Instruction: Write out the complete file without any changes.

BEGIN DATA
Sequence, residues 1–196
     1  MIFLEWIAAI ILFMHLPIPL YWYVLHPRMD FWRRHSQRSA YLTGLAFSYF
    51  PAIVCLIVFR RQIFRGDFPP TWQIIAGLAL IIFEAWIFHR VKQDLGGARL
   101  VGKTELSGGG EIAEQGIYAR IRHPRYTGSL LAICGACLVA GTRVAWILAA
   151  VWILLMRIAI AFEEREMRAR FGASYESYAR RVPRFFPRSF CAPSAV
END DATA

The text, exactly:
Sequence, residues 1–196
     1  MIFLEWIAAI ILFMHLPIPL YWYVLHPRMD FWRRHSQRSA YLTGLAFSYF
    51  PAIVCLIVFR RQIFRGDFPP TWQIIAGLAL IIFEAWIFHR VKQDLGGARL
   101  VGKTELSGGG EIAEQGIYAR IRHPRYTGSL LAICGACLVA GTRVAWILAA
   151  VWILLMRIAI AFEEREMRAR FGASYESYAR RVPRFFPRSF CAPSAV